What is a Notary?

A notary, also called a notary public, is a person authorized to witness the signing of legal documents, usually concerned with deeds, estates, licenses, power of attorney, affidavits, and trusts. As a publicly commissioned official, a notary is tasked with verifying the authenticity of documents, and they serve as impartial witnesses when signing legal documents.
Legal documents are notarized to ensure that transactions are properly executed and to deter fraud. When verifying the authenticity of documents, notaries are required to identify signatories to a document to weed out impostors and to ensure that parties enter into an agreement willingly and knowingly.
Notaries are appointed by a government authority, such as a court or state governments, or by a regulatory body, such as a faculty of notaries public. Although notaries are public officials, they do not receive remuneration from the government, and they earn income by charging fees for services rendered.
Duties of a Notary
The main role of a notary is to verify the authenticity of legal documents and create a trustworthy environment for parties to an agreement. The legal documents must meet the minimum requirements to be notarized. Some of the requirements include a stated commitment, original signatures from the parties involved in the agreement, as well as photo identification of the signatories.
If a notary is satisfied that the document meets all the requirements, he/she awards a notarial certificate and appends the seal of the notary on the document. However, if a legal document does not meet the requirements or the identity of the participating parties is uncertain, a notary may refuse to authenticate the document.

The following are a list of things a notary is not permitted to do:

1. Notarize a document for a principal or subscribing witness who is not present before the notary. This is a misdemeanor that carries a penalty of up to a $500.00 fine or imprisonment of up to 30 days, or both.

2. Notarize a document where the principal or subscribing witness is not known to the notary and is not identified through satisfactory evidence. This is a misdemeanor that carries a penalty of up to a $500.00 fine or imprisonment of up to 30 days, or both.

3. Perform a notarization related to an acknowledgement, verification or proof, oath or affirmation, if the notary knows it is false or fraudulent. This is a misdemeanor that carries a penalty of up to a $500.00 fine or imprisonment of up to 30 days, or both.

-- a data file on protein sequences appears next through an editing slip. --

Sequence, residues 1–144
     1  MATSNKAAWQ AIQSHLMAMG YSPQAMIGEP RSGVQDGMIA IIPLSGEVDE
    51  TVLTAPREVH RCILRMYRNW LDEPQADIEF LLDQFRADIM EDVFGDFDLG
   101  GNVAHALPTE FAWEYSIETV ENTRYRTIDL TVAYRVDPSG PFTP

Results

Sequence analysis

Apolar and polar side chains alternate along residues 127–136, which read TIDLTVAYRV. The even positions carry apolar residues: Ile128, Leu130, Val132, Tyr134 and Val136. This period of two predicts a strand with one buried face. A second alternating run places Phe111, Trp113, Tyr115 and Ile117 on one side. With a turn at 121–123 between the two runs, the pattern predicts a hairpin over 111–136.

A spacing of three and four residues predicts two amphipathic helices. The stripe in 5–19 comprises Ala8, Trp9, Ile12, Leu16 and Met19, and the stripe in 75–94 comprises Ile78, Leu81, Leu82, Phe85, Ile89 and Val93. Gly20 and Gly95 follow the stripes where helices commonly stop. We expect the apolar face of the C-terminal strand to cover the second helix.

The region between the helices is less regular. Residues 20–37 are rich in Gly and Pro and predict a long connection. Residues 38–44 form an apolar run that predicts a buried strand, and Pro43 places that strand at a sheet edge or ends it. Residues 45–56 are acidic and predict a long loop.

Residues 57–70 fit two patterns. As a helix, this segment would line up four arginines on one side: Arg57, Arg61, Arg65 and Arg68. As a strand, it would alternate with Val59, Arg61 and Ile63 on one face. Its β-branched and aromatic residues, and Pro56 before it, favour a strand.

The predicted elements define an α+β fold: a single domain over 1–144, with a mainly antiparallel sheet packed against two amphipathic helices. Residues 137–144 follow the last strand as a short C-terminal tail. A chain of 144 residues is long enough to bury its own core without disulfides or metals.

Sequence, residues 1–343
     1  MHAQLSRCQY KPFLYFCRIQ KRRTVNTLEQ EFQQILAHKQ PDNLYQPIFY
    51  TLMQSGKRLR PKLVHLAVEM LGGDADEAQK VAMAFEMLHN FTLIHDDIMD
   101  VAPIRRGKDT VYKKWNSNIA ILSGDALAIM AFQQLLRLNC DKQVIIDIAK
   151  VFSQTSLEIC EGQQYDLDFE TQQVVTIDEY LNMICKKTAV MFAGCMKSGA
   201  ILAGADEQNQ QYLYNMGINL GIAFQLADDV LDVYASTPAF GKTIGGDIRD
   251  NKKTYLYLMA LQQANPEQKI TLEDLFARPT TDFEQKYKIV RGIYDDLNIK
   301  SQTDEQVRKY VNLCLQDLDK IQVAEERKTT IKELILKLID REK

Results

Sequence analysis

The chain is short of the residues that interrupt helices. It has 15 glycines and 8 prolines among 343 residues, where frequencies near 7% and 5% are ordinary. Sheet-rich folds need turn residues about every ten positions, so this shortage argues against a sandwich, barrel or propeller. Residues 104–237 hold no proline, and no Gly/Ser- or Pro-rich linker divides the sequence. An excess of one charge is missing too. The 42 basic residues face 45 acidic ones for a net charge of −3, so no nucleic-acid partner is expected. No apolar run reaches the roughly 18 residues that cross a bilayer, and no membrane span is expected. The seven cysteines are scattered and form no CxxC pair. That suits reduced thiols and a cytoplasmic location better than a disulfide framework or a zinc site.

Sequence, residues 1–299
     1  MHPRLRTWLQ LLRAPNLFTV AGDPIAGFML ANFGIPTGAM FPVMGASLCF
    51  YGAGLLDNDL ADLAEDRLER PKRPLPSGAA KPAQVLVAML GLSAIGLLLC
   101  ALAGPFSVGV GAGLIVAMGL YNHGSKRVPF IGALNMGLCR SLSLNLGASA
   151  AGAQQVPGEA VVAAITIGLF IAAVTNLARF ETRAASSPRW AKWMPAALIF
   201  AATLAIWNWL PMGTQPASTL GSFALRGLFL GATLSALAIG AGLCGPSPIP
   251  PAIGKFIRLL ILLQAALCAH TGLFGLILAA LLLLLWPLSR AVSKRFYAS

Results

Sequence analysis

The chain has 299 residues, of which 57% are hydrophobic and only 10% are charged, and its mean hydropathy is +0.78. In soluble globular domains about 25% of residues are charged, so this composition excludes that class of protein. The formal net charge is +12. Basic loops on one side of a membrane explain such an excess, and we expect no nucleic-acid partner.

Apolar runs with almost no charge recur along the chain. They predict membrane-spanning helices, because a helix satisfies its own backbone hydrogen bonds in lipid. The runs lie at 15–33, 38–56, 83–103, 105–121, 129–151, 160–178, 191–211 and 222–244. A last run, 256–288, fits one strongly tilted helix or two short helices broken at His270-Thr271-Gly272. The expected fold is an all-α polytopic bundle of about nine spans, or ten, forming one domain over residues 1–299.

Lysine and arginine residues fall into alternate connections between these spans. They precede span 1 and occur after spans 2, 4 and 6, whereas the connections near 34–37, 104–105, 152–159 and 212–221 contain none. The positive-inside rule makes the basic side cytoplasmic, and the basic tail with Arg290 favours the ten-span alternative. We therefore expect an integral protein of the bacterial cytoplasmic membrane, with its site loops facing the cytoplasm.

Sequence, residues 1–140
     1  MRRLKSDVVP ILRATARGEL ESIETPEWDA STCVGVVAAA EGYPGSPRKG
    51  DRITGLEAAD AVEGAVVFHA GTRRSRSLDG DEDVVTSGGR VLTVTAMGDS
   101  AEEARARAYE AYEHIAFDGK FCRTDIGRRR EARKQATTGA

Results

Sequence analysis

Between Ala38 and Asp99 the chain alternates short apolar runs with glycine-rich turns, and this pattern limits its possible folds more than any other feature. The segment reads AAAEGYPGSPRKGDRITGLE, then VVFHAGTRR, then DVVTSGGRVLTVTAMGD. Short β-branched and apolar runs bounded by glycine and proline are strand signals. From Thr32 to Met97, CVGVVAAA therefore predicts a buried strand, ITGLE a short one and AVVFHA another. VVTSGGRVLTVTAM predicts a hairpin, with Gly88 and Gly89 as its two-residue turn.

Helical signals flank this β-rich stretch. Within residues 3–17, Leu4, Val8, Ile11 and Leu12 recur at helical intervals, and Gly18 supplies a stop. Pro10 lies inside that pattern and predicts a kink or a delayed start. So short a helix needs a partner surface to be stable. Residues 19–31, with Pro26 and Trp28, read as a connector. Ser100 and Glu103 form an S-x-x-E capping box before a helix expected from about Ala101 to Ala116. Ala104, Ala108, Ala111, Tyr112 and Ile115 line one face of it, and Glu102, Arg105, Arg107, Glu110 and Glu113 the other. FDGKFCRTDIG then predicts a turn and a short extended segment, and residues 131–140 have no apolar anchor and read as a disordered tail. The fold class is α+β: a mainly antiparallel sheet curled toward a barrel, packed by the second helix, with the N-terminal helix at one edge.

4. Notarize a document when the notary signs, is party to, or benefits from the document being notarized. Limited exceptions to this include: a. Court employees b. Notaries who are not parties to a document, but are named in the document as: i. Person to whom document will be sent after recording; ii. Trustee in a deed of trust; iii. Drafter of the document; or iv. Attorney for a party to the document.

5. Notarize a document where the notary will directly receive a commission, fee, interest, or other consideration exceeding the permissible fees for notarial acts. Limited exceptions to this include fees or other consideration paid for services rendered by: a. Licensed attorneys; b. Licensed real estate brokers or salespersons; c. Motor vehicle dealers; or d. Bankers.

6. Notarize a document that is blank or incomplete.

7. Notarize a document without notarial certificate wording. 10

8. Certify or authenticate a photograph or photocopy. However, the holder of the document may sign an affidavit certifying the authenticity of a photocopy which is then notarized, except when a certified copy is available from an official source (for example, vital records).
9. Notarize a document outside the state of South Carolina.

10. Notarize your own signature.

11. Offer legal advice unless you are a licensed attorney.

12. Postdate or predate your notarial acts.

13. Certify vital records. Certification of vital records must be done by officials in the country, state, or county offices that issue and keep those records. Vital records include birth certificates, marriage licenses, death certificates, divorce decrees, and documents of that nature. If a notary is convicted of one of these acts that constitutes a misdemeanor, he or she must forfeit his notary commission and not be issued another commission. The court that convicts a notary public of these acts must inform the Secretary of State?s Office within 10 days of the conviction. In addition, certain acts committed by a non-notary may also constitute a crime pursuant to S.C. Code of Laws ?26-1-160.

These actions are misdemeanors that carry a penalty of up to a $500.00 fine or imprisonment of up to 30 days, or both.

 The following actions are prohibited for persons who are not notaries:

1. Performing a notarial act knowing that you are not a notary.

2. Holding oneself out to the public as a notary without a notary commission.

3. Performing a notarial act if the notary's commission is expired, suspended, or restricted.

4. Performing a notarial act before taking the oath of office.

5. Using, concealing, defacing, or destroying a notary?s seal or notarial records.

6. Knowingly soliciting, coercing, or materially influencing a notary to commit official misconduct. A person who does this is guilty of aiding and abetting and is subject to the same level of punishment as the notary.